Africatown Community Meeting about the recent Warehouse Fire

Africatown Community Meeting about the recent Warehouse Fire

It has been three weeks since the community meeting about the recent warehouse fire in Africatown and I am still trying to process what I saw and heard during the REAL community meeting conducted on August 7th about that fire. Who were the victims of that fire, Africatown residents or the business community? The community meeting was asked for by members of Africatown’s two environmental organizations C.H.E.S.S. and MEJAC because of a number of calls from Africatown residents concerning the fact that there had been nothing said about the fire to community members. On Thursday, August 3rd, MEJAC got confirmation from Councilman Carroll that he would be able to conduct the meeting on Monday August 7th. That did not give us much time to get the word out to the community, however we have some dedicated C.H.E.S.S. team members that immediately went to work. Led by Joycelyn Davis and Miya Packer, our team of Africatown youths, ages 10 – 15, were able to distribute 300 flyers throughout the community on Saturday and place more in the churches on Sunday. As a result, The Community Center’s Multipurpose room was crowded with Africatown residents attending the meeting.


After Councilman Carroll called the meeting to order, the first person up to speak was Guy Oswalt, Merchants Transfer Company Director of Real Estate. He read from a fact sheet that had been distributed that had 2 dates on it; July 19th or the day of the fire and an updated date of August 4th or the day after Carroll confirmed that he would conduct this community meeting. Also speaking was Mobile County Health Officer Dr. Kevin Michaels and former Prichard Fire Department Chief David Hale. Some of the things they mentioned were: The fire was not deemed a threat to residents, a call to ADEM revealed that there were no hazardous contaminants in the air, There were no injuries reported from the fire, the warehouse did not store hazardous materials, Merchants remains in compliance with the recently enacted “Safety Zone” for the community, Merchants has participated in two Africatown Community meetings related to the fire before this one, Did anyone dial 911 to report ill effects from the fire, If you have a window air conditioner, please turn it off so it will not pull fumes into your home, leave home if you feel in harms way, The firefighters cannot be expected to answer your calls, go to your house if you feel ill and fight the fire also.


Both C.H.E.S.S and MEJAC lobbied hard to have it spelled out in Mobile’s new zoning & code ordinance law that a lawful community meeting has occurred after residents have been given ample notice about the meeting and the meeting is conducted at a reasonable public facility and at a time when most residents might be able to attend. I remember as a young pre teenager, my grandfather and I were watching the Dodgers play baseball on Saturday when Nelson Adams and John Kidd knocked on the door and asked my grandfather to go with them to The Masons Hall down the street to see what was going on. Of course, I tagged along. When we got there, there were 3 white men in a suit and tie and 3 elderly blacks from the community sitting down listening to them. The 3 white men had some papers that they seemed to be trying to explain to the residents. Nelson Adams eventually told them to leave and not come back again. In a more updated version of “What is not a community meeting”, after the oil company begin laying an oil pipeline through our school yard it was revealed that a community meeting had been conducted and the community knew this pipeline was coming. Of course, no one in the community admitted to knowing anything about a meeting and knew nothing about the pipeline.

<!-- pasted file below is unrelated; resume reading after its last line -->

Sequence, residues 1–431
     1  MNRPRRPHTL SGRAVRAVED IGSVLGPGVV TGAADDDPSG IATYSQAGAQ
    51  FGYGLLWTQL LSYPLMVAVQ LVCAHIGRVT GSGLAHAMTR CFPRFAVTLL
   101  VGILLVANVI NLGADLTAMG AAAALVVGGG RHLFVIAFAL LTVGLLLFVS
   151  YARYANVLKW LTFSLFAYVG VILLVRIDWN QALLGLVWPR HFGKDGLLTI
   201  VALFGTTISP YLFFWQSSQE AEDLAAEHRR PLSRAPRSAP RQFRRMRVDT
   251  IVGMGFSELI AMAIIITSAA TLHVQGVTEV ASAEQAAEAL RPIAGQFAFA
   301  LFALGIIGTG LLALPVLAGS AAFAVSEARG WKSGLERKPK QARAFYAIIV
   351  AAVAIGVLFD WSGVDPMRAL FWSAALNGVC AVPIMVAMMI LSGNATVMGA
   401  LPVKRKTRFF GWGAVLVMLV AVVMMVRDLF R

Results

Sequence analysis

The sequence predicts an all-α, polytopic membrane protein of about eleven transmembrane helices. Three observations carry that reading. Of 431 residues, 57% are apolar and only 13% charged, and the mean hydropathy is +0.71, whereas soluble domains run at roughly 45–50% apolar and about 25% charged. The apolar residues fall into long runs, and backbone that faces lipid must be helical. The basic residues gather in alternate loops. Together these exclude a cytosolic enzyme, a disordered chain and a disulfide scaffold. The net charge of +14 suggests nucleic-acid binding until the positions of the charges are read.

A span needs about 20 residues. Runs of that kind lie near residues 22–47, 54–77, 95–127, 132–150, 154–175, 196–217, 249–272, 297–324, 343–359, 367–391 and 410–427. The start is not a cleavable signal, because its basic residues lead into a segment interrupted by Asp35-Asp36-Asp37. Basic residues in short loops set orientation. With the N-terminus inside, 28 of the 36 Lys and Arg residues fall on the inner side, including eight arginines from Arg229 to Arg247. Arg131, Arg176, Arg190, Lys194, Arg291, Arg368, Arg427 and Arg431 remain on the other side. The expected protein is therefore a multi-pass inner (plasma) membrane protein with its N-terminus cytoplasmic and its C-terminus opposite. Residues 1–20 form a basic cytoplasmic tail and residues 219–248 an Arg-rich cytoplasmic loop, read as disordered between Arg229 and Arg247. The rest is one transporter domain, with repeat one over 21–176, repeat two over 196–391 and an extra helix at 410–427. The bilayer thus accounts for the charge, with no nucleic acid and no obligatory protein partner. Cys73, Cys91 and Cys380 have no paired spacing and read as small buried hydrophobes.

Someone in the audience mentioned that local industries in and around Africatown provide jobs to Africatown residents. There are about 20 businesses in and around Africatown and if they can provide at least 5 names of Africatown residents working in those industries I will agree to that statement. How can ADEM say the quality of air is ok during the warehouse fire when there are no air monitors in Africatown. The Africatown Community has more heavy industries surrounding it than any other community in the city of Mobile and 3 of the top 5 polluting industries in Mobile County according to the EPA Toxic Data Report, but no monitors. There were several people that went to the hospital because of fumes from the fire and residents that had smoke in their houses for days during the fire. As far as not calling 911 or turning off your air condition, I would ask the question, “when are you going to conduct emergency drills for the community?”


The Africatown Community should have emergency drills conducted at least every 3 years because of industries in the area and our location to the water during hurricane season. The firemen perform well because they practice and have drills, most elderly people panic when there is an emergency and do not think of dialing 911 nor are they willing to shut off their air condition when the heat is near 100 degrees.


Concerning The Africatown Safe Zone, it is the warehouse itself that is a safety hazard. Three fires in three years is unacceptable and that warehouse should not be rebuilt in that area. It is to close to residential houses.


And oh yea, by the way, I also believe that any Africatown resident that visited the hospital, had to leave their home, had fumes in their home or felt threaten by the fire should be compensated with an amount starting at $50,000.00
Dr. Major Joe Womack USMCR (ret.)
Executive Director of
Co-Founder of
Leader, Doer, Storyteller

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